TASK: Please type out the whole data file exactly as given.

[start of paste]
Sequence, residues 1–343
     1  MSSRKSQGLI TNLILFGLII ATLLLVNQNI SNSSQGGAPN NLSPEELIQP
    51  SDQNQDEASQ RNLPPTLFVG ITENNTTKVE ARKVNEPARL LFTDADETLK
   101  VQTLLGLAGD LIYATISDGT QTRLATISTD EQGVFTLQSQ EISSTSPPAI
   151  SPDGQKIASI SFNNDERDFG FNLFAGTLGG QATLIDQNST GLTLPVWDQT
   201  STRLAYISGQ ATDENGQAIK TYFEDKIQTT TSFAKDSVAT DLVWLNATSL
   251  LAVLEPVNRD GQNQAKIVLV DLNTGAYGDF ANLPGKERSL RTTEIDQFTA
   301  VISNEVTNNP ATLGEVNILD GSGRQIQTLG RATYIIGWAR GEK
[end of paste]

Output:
Sequence, residues 1–343
     1  MSSRKSQGLI TNLILFGLII ATLLLVNQNI SNSSQGGAPN NLSPEELIQP
    51  SDQNQDEASQ RNLPPTLFVG ITENNTTKVE ARKVNEPARL LFTDADETLK
   101  VQTLLGLAGD LIYATISDGT QTRLATISTD EQGVFTLQSQ EISSTSPPAI
   151  SPDGQKIASI SFNNDERDFG FNLFAGTLGG QATLIDQNST GLTLPVWDQT
   201  STRLAYISGQ ATDENGQAIK TYFEDKIQTT TSFAKDSVAT DLVWLNATSL
   251  LAVLEPVNRD GQNQAKIVLV DLNTGAYGDF ANLPGKERSL RTTEIDQFTA
   301  VISNEVTNNP ATLGEVNILD GSGRQIQTLG RATYIIGWAR GEK